Model for ‘New Unionism’ Shifts Gears: A role model for the “new unionism” extolled by the National Education Association appears headed toward an older style of labor relations. Starting in June, the local union leadership at the Saturn Car Co. will be replaced by a regime that advocates more traditional job protections.
The union’s current leaders, who lost decisively in a February election, include many who helped forge the “partnership agreement” that has drawn hundreds of other employers and organizations--including the NEA and the American Federation of Teachers--to the Spring, Hill, Tenn., plant. (“A Different Kind of Union,” Oct. 29, 1997.)
Based on the idea that management and labor should shed their adversarial ways and work cooperatively, the pact gives decisionmaking authority to workers at every level of the company.
Many of the candidates who won in the recent election, however, want to change or abolish some of the innovations that resulted from that approach, such as permitting union leaders and management to join together to choose individuals for some jobs.
The newly elected leaders, however, say they are still committed to working within the partnership.
Nor have NEA officials changed their minds. “We still believe that partnership is the right approach,” said spokeswoman Kathleen Lyons.
Kosovo Connections: The conflict in Yugoslavia has been brought closer to home for members of the teaching profession, prompting a strong proclamation of support by the leaders of the two U.S. teachers’ unions for NATO’s military action there.
Among the atrocities reportedly carried out by Serbs against ethnic Albanians living in Kosovo, located in southern Serbia, are the slayings of more than 50 teachers, including several who were executed in front of students, union officials said.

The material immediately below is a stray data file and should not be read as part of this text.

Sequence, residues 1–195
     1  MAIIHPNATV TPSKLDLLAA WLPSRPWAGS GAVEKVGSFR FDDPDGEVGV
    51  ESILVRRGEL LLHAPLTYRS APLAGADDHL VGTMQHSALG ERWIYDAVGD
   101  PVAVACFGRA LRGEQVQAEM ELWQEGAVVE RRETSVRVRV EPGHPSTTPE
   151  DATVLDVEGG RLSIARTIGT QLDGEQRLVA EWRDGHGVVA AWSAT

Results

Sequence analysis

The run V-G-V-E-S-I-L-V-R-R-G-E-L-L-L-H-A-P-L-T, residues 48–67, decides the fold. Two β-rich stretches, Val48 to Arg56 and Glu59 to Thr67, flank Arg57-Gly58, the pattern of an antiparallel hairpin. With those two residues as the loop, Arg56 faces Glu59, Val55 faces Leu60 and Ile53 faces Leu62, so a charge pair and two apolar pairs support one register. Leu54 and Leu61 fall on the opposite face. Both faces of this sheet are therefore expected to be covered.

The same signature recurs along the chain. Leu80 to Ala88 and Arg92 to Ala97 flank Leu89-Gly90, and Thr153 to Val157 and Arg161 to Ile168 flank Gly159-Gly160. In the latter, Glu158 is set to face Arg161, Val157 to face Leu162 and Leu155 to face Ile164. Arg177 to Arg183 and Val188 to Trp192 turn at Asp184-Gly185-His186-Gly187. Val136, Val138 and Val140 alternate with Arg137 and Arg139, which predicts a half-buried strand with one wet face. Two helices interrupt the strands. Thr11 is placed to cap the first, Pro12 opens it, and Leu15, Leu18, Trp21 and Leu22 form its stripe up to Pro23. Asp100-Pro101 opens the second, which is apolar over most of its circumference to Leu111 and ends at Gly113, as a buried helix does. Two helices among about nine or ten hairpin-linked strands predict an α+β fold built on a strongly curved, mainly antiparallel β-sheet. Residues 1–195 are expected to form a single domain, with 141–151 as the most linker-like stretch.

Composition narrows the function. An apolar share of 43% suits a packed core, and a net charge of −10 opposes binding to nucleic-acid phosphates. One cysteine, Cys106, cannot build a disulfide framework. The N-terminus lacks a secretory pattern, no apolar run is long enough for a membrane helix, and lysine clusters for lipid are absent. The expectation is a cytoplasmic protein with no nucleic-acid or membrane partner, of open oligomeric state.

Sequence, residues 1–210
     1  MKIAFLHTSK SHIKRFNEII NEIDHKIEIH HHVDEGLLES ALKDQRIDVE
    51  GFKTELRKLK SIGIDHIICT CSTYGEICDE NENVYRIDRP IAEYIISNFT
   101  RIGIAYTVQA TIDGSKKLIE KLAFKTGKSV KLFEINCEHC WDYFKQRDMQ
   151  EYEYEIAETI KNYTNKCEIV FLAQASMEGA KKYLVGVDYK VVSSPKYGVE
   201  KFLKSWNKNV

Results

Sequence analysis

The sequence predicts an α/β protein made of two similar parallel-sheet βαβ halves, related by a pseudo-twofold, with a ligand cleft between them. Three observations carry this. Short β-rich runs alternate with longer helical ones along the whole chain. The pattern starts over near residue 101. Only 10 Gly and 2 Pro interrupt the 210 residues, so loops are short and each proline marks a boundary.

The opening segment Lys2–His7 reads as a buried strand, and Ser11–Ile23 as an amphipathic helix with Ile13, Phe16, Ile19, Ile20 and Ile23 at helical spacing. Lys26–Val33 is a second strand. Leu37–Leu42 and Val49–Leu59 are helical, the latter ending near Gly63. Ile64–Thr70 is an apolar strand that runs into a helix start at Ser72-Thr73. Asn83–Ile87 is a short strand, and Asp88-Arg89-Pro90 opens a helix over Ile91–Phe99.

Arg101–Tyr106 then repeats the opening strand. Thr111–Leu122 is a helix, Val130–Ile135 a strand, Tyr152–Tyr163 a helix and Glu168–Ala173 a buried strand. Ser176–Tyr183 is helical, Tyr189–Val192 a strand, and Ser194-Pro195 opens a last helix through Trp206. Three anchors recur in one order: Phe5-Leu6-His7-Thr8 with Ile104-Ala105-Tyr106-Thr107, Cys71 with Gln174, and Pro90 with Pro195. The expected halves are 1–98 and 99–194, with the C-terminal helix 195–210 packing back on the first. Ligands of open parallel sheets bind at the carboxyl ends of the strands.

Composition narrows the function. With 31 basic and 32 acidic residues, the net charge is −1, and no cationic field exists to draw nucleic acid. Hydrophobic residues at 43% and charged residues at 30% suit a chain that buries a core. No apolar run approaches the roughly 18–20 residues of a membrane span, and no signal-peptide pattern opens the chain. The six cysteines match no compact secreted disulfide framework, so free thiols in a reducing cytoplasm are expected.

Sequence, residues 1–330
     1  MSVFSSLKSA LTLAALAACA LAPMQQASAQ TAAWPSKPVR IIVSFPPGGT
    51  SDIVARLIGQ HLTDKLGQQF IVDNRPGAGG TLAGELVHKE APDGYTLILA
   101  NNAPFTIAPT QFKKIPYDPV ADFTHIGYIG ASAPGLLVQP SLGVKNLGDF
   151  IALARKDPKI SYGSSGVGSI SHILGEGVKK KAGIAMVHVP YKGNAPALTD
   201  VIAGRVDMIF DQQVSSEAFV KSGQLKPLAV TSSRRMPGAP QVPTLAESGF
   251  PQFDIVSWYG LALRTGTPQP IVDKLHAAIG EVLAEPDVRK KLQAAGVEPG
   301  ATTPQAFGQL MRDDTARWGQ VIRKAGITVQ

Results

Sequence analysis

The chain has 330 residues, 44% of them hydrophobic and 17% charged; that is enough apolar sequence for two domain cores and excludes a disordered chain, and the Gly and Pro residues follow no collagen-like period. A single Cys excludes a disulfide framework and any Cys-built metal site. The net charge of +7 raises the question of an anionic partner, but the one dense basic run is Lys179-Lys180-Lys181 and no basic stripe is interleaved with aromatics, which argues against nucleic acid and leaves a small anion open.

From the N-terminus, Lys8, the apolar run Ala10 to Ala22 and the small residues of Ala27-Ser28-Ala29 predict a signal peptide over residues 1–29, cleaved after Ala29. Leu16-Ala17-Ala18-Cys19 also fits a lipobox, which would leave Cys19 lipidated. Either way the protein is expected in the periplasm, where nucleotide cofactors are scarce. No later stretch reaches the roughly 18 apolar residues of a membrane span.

NEA President Bob Chase and AFT President Sandra Feldman heard news of the massacres from an Education International official from Kosovo while at a meeting of that group’s leaders in Belgium late last month. The two quickly sent a joint letter to President Clinton, thanking him for “the strong action you have taken to stop the bloodletting by Serbian forces in Kosovo.”
Retaining Evolution: Leading scientists and educators are urging states to adopt biology textbooks that fully explain evolution and its importance.
The discussion of evolution in available biology texts “reflects the broad consensus in the scientific community,” says a statement issued last month by the National Center for Science Education Inc.
“We ... deplore the efforts made in some states and districts to require that evolution be disclaimed,” the statement adds. “Such disclaimers single out evolution from all other scientific ideas as somehow less reliable or less accepted by scientists, or as ‘only a theory.’ ”
The El Cerrito, Calif.-based group is dedicated to ensuring that evolution is taught in schools.
Textbook to Web: Science teachers will soon be able to find direct Internet links to topics they’re covering in textbooks.
Through a federally funded project, the National Science Teachers Association is inserting codes into the margins of texts that will direct teachers and students from its World Wide Web site to others dedicated to the topics covered in the books.
Holt, Rinehart & Winston will include the links in environmental science and chemistry texts. Harcourt Brace & Co. will add similar codes to a new series for elementary students.
Reforming Teacher Education: While many colleges and universities have improved their teacher-preparation programs, others have not and must accept responsibility for ensuring that students have excellent teachers, concludes a task force of the American Association of State Colleges and Universities.
The Washington-based organization, whose members produce 54 percent of the nation’s beginning teachers, issued “A Call for Teacher Education Reform” last month. The task force on teacher education concludes that “the urgency for the reform of teacher preparation” has never been greater.